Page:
After the release of an anti-Islamic film earlier this year, some have called for governments around the world to implement legal restrictions on speech. We disagree with this approach. In the United States, when something offensive is published, rather than asking the government to ban it and then considering their job done, religious communities – including Muslim communities – have instead decided to peacefully raise awareness about misrepresentations of their faith and educate society about their beliefs and to address the underlying cause of intolerance. That is why Muslim Americans have hosted dozens of forums on Islam and the life of the Prophet Muhammad, and why they have come together with people of all faiths to condemn the anti-Islamic sentiment.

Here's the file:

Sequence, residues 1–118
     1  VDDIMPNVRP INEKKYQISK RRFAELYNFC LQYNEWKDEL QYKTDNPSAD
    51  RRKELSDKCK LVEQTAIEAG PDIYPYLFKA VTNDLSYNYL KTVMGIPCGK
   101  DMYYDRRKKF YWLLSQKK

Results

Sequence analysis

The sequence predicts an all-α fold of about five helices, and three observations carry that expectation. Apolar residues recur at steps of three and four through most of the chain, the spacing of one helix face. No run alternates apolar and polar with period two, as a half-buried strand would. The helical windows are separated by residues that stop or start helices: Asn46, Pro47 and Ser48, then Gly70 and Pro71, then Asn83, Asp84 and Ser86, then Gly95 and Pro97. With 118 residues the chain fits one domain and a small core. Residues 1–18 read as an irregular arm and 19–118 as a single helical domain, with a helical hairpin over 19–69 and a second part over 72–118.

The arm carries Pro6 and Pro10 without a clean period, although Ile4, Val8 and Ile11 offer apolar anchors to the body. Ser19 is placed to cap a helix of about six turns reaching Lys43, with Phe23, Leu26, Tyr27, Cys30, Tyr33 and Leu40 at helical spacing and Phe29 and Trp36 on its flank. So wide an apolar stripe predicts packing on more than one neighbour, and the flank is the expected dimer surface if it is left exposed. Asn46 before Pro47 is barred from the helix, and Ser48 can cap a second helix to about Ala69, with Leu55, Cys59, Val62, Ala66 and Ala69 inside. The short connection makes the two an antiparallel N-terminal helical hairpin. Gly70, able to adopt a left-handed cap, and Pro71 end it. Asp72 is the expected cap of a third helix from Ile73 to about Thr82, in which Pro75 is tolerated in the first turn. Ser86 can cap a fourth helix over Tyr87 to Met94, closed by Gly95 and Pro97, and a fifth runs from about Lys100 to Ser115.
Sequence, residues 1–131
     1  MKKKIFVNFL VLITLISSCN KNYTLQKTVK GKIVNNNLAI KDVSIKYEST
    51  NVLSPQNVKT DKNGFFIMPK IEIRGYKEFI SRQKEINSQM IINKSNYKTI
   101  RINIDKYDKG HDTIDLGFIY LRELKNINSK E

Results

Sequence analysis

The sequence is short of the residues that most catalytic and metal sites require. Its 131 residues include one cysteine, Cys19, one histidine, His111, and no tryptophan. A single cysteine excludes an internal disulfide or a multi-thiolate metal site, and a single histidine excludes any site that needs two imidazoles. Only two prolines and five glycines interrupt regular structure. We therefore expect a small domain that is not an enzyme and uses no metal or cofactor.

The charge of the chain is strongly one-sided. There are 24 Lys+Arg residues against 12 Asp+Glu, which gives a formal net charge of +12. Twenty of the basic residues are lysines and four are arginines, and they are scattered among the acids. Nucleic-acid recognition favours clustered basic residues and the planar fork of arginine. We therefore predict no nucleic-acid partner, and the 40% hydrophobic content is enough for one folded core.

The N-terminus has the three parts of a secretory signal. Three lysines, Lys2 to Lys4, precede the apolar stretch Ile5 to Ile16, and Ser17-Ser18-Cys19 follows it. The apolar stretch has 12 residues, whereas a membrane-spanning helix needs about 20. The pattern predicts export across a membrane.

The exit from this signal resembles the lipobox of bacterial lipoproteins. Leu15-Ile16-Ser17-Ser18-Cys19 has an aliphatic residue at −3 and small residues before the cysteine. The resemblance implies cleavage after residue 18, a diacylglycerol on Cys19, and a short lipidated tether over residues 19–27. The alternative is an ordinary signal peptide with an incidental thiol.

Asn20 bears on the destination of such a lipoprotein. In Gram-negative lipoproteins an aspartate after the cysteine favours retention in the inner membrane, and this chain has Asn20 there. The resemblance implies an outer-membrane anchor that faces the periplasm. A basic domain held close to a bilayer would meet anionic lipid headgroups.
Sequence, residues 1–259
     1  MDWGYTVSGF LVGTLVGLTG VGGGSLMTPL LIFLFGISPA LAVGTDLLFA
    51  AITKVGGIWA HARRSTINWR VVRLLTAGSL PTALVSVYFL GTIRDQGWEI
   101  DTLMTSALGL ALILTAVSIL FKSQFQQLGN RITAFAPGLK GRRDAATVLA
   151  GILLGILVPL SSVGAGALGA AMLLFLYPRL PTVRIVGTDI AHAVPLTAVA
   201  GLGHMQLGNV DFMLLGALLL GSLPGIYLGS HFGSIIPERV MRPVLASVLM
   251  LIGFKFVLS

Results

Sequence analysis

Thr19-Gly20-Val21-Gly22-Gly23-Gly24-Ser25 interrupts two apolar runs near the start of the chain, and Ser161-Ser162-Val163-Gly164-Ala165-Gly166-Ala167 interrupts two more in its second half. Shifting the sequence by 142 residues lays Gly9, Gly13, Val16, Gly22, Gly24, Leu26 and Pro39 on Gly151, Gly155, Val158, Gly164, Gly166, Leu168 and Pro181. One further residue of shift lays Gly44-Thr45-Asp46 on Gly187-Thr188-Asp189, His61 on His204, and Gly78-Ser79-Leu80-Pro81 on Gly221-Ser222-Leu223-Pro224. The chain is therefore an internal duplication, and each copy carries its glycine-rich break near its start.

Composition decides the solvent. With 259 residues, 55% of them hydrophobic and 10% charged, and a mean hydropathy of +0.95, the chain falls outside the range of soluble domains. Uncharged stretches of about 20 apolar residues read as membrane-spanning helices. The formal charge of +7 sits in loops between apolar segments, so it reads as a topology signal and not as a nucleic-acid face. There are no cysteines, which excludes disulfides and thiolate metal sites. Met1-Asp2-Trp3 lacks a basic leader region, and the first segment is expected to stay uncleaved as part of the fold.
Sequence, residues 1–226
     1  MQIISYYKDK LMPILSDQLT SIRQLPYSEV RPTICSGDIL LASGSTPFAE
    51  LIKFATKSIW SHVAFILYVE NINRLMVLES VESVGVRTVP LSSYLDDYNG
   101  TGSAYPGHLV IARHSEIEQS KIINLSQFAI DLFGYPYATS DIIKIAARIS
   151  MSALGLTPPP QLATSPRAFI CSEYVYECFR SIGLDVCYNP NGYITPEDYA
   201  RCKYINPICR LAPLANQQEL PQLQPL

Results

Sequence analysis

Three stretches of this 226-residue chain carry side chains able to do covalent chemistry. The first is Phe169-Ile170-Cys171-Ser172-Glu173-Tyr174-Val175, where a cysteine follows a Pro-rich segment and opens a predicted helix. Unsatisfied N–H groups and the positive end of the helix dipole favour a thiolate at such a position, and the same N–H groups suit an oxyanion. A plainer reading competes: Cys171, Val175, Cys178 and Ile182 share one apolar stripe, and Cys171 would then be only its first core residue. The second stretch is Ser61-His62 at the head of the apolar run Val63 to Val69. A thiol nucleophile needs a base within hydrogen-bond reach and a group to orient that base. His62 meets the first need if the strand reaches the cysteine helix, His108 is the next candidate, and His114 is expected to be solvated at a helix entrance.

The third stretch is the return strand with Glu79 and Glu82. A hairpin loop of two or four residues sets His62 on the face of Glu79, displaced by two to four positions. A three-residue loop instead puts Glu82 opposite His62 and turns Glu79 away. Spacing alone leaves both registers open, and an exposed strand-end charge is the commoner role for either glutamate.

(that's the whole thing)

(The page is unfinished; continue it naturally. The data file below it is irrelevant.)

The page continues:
A second major project that I have been involved with is an initiative lead by ISNA and Islamic scholars in the Muslim world to issue a declaration articulating standards and protocols for protection of full citizenship rights of minorities in the Muslim world.
Last week in Tunis, I attended the second in a series of meetings of religious scholars and Ministers of Religious Affairs from Muslim-majority countries who are working on this project. The Islamic Society of North America is helping to spearhead the initiative, and I have been playing an advisory and convening role to build support among religious and government leaders from OIC countries.